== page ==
Gardiner Hubbard is not a fighter by any means, but he is quite charismatic and well versed in legal doctrine. Encountered in the battlefield of the courts, he is a fierce opponent, and becoming his enemy will make an enemy of many powerful people--and potentially the Wire Corporation, which would be unheard of. Johanna Muir, by contrast, is a powerful druid, and though her connections are fewer she is Groovy among the Hippidrum and still has some family in Detroit who are willing to tolerate her talk.
King Gregorio II Mortenson
Grand Aide Henry Standish
Izithrax, the Copper Lord
The elven retainer sputtered helplessly as the spectacle before him slowed to a halt. "My lord... you cannot juggle dwarves!"
"Why not?" came the reply. From up on the dias, the great copper cast a petulant eye down at his servant. "I'm very careful, and I practice daily."
"I..." the elf found himself quite at a loss for words, and spent a few seconds shuffling about while he formed a coherent argument. "It. Hurts? Them?"
His liege recoiled in alarm. "Preposterous! I never do! And, besides, I always pay them afterwards."
From beneath the great dragon's talons, a gruff dwarven voice croaked out, "Please, help us. The juggling isn't so bad, but his jokes are terrible."
- - - -
There is some debate among scientists today as to whether a dragon can become senile. As no-one is sure exactly how old dragons can get, no-one can really be sure: but a prime argument for it exists at the head of the nation of Yellowstone.
The copper dragon whose shortened "face-name" comes to Izithrax is one of the ten Dragon Lords--rulers, guardians, and guides of the draconic species. They are all of them very old, very rich, and very powerful. Their existence only became known to humanity shortly before the end of the Great War, when it became clear they were orchestrating the show from behind the scenes--and they vanished into the wildernesses with all their followers, as soon as it became clear the game was up.
Neither tooth nor tail was seen of any of them for fifty-five years, until the newly united Alacatrazi pirates suddenly found their slaving and raiding parties being raided from the sky in the waters between Seattle and Portland. Four years later, the attacks stopped--the pirates claimed to have sent a massive unified band into the area and ousted no less than a great copper dragon from the area. For years it was thought to be nothing but talk--and then Chicagoan travelers in the Valle Amarillo ran into a vast group of orcs, goblins, and even some elves working feverishly at a vast construction project. And they were being directed by dragons.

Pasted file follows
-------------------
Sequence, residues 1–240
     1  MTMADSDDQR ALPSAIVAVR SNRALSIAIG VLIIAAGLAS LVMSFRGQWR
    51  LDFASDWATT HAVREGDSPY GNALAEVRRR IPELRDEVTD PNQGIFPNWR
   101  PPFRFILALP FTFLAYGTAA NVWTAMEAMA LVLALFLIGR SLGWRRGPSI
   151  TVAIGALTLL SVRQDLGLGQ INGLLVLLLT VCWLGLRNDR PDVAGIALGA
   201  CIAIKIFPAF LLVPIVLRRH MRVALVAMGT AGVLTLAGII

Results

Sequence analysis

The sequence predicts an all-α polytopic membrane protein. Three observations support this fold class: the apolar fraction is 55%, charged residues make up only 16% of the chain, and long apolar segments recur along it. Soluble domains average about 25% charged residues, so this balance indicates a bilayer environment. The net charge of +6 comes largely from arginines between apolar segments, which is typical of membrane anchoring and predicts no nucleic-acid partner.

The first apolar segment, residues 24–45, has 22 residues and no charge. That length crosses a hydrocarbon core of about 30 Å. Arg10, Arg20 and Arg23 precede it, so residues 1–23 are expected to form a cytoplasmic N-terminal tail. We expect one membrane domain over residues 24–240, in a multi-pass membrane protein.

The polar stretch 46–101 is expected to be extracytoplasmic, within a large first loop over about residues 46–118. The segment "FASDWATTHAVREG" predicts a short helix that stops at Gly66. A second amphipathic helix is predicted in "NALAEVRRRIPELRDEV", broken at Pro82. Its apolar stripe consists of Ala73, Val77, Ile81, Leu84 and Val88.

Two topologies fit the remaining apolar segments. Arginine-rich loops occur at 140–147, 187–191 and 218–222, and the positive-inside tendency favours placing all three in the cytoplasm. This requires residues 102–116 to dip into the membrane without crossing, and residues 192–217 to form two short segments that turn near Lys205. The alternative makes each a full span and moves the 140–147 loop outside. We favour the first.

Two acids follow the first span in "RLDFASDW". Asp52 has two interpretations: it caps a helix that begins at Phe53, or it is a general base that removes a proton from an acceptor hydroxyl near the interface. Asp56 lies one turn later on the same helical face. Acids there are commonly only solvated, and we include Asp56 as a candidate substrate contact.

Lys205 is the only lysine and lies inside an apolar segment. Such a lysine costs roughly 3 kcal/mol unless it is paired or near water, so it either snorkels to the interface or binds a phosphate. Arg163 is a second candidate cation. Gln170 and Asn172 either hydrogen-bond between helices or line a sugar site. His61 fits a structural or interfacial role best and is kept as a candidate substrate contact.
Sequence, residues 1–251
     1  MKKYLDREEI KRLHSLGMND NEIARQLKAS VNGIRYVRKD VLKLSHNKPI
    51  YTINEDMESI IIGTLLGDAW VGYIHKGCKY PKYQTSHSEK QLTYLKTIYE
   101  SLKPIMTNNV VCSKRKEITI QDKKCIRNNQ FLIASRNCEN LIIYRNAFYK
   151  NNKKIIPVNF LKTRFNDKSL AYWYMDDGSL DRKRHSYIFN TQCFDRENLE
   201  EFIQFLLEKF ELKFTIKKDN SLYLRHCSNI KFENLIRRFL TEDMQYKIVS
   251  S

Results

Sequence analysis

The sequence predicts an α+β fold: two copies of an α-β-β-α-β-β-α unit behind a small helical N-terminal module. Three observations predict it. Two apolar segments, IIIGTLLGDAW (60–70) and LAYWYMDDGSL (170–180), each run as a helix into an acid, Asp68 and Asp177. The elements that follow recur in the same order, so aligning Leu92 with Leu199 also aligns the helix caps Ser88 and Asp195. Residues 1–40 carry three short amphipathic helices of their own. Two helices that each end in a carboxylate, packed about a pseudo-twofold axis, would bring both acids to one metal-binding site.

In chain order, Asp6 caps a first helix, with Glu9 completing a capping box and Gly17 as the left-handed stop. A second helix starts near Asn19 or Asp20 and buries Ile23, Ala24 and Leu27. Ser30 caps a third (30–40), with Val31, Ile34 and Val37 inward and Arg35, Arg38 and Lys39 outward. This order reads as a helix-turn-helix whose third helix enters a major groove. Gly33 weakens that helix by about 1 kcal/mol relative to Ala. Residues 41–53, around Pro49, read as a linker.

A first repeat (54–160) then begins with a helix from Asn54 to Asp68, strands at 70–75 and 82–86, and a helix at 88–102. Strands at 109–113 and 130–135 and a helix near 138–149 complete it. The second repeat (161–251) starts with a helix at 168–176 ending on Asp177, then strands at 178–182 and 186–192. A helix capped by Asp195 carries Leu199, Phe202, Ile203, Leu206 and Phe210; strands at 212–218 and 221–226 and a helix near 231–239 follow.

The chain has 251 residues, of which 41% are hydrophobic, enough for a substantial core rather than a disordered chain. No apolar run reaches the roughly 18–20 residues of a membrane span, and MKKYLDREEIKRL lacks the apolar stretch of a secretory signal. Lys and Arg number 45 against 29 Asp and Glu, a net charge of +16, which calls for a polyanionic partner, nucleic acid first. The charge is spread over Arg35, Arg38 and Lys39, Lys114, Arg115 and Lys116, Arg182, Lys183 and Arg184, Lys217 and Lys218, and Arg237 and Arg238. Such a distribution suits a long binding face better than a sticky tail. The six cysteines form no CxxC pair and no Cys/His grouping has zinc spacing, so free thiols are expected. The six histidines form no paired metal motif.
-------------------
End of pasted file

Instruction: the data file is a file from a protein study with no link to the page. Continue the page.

At their head was the Copper Lord, who spent three minutes introducing himself before reluctantly giving the shortened name of Izithrax. He then made a declaration that was possibly the last thing any of them expected to hear, and would typify his actions for the next fifty years--startling and sudden.
|“||I have been driven from my estates further west, so since I had nothing else to do I decided to give this nation-state thing a try. Would you be kind enough to let your King know? I'm not sure what the procedure is for this sort of thing...||”|
Izithrax is eccentric to say the least--whether age, power, or simple boredom is the cause, none can say. He pursues whatever course takes his fancy, laughing off censure and threat, and he has the money and might to be able to do as he wishes. Like all copper dragons, he appreciates few things more than a good joke and a strong sense of humor--at one point he gifted a kobold and his clan an entire mine of their own for telling him an excellent knock-knock joke. Some would call him mad, and they might well be correct.
However, even if he is mad, Izithrax is no fool. He has sense enough about him to hold numerous dragons in the same place at once--an impressive feat on its own given their solitary nature, to say nothing of the fact that these dragons vary widely in their coloration and intent. He has forged a nation out of tribal elves, clannish goblins, disorganized orcs, and exiled kobolds, and proceeded to make it one of the richest on the continent. He has singlehandedly maneuvered himself and his Native nation into the highest echelons of international diplomacy, earning the somewhat grudging respect of even the most xenophobic human politicians (Dallas' King Gregorio II has referred to him as "the toughest negotiator I've ever had the displeasure of arguing with").
Stats for Izithrax are not to be provided. He is the largest copper dragon in existence, with warm, glossy copper scales colored a patinaed green with age and the turquoise orb-eyes iconic to copper wyrms. His horns stick out backwards, jagged like lightning-bolts, and are prominently featured on the Crest of Yellowstone. Izithrax in combat is a terrifying thing to behold; he has access to all of the tricks available to a copper great wyrm, at the very least, and what else he might have picked up over his centuries of life is known only to him.
Mage-General Jennifer Bao
|“||"I'm a Three River Roarer! I'm a ring-tailed squealer! I'm a reg'lar screamer from the ol' Meezibee! WHOOP!||”|
|—Mike Fink, beginning his famous boast to the Keelmen of Chicago|
There are all kinds of terrors on the rivers of Americana. Giant northerns. Angry Natives. Angry Natives on giant northerns. Snarling branches, whirlpools, sucking mud, dark things that live in the riverbottom waiting for someone to slip just once. But the worst of the things you can run into on the rivers is human.